In their study, M. Schaefer and colleagues treated seventy patients – 17 patients without psychiatric diseases or drug addiction (control group); 22 patients with psychiatric disorders, 18 patients who had received methadone maintenance therapy, and 13 patients who were former drug users.  All patients were treated with pegylated interferon plus ribavirin.  The characteristics of the study participants were:  male (62.9%), median age- 43.9 (± 9.12), genotype 1 (62%), genotype 2 (1.4%), genotype 3 (34.3%), genotype 4 (1.4%) (note:  some patients had more than one genotype),  and median HCV RNA or viral load was 1,011,843 (±2,143,366).  All patients were treated with pegylated interferon (peg once a week) plus ribavirin dosed by body weight (800-1,200 mg/day).  Treatment duration was 24 weeks for people with genotypes 2 and 3 and 48 weeks for people with genotypes 1 and 4.  The results (SVR, adherence, and psychiatric side effects) between the groups was compared.

The authors reported that 58.6% of all patients achieved an SVR. Breaking it down by study group it was found that 58.8% of the control group, 50% of the psychiatric group, 72.2% of the methadone group, and 53.8% of former drug users achieved an SVR.  It was also reported that methadone patients and former drug users had significantly higher drop out rates. 

Of note, the authors did not find a difference in the depressive or psychotic symptoms or side effects between the groups during treatment.  But the control group without pre-existing psychiatric disorders had lower pre-treatment psychiatric scores and a significant higher increase to maximum scores during treatment.  It was also reported that only genotype was associated with SVR.  In other words, the other factors such as psychiatric, methadone, former drug abuse, type of psychiatric diagnosis, depression scores (before and during treatment), gender, or liver enzyme levels did not positively or negatively affect SVR rates. 

The authors concluded that “the data from our prospective, controlled trial provided evidence that treatment of chronic hepatitis C infection with pegylated interferon alpha and ribavirin is possible in different subgroups of ‘difficult-to-treat’ psychiatric patients.”  The authors also strongly recommended an interdisciplinary approach with psychiatric, addiction and hepatitis C medical providers to optimize treatment outcome.   Clearly more studies are needed to further elucidate the most effective methods of treating HCV positive people with psychiatric disorders with current treatment regimes, but even more important is to start now to design and carry out large prospective clinical trials on the new HCV compounds in development before they are approved for treatment of hepatitis C so that this highly prevalent population is not left behind or forgotten.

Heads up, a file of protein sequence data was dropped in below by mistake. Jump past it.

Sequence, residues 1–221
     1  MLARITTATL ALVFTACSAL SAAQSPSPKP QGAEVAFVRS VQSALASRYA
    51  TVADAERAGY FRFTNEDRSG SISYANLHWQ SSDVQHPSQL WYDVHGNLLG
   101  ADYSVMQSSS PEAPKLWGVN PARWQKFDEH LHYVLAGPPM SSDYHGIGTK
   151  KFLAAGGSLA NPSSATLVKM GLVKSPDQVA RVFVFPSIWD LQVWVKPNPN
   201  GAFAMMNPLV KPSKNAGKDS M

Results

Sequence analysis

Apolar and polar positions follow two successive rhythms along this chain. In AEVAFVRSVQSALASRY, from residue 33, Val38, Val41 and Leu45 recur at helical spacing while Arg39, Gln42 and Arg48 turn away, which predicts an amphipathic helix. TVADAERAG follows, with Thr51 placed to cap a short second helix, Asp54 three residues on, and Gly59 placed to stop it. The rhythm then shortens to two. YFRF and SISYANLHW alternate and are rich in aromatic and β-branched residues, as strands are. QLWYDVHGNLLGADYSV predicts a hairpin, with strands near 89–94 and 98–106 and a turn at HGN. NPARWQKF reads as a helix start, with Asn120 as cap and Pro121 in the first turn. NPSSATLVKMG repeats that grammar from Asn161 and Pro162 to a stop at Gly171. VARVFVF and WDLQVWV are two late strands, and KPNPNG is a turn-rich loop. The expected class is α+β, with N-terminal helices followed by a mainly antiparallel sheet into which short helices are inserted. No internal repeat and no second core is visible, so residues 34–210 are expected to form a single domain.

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Non-Invasive Markers of Liver Fibrosis
Alan Franciscus, Editor-in-Chief

The gold standard of care for assessing the health of the liver is the liver biopsy.  However since the procedure requires that a needle be inserted through the skin (percutaneous) there is a potential for complications even though the incidence of complications is extremely low.  The complications of a liver biopsy can include internal bleeding, and puncturing another organ such as the lungs, stomach, intestines, or any other organs that are close to the liver.  In regards to accuracy of the biopsy the sample liver tissue size is important for correctly staging and grading a liver biopsy.  Another problem is that the tissue taken from one part of the liver may not be 100% representative of the entire liver.  Once the liver tissue sample is collected it is graded and staged by a specialist (pathologist), which could lead to possible human error in interpreting the results.  In addition there is no standardized interpretation protocol so it is difficult to compare the results of different biopsies read by different pathologists.  Price is also an issue since a typical liver biopsy can cost between $1,500 and $2,000.   Given these potential problems it is not surprising that there is a lot of research that is being conducted on the development of non-invasive tests.  The tests that have been developed so far have had mixed results in accuracy when compared to the results of a liver biopsy.  There have been few prospective clinical trials that have compared the results from various non-invasive markers to the results from a liver biopsy.  Until now…..

This year the results from a prospective clinical trial that compared six non-invasive tests was published.  “Prospective comparison of six non-invasive scores for the diagnosis of liver fibrosis in chronic hepatitis C,” by Vincent Leroy and colleagues, was published in the Journal of Hepatology. In this study the following serum marker scores were compared to the results obtained from a liver biopsy: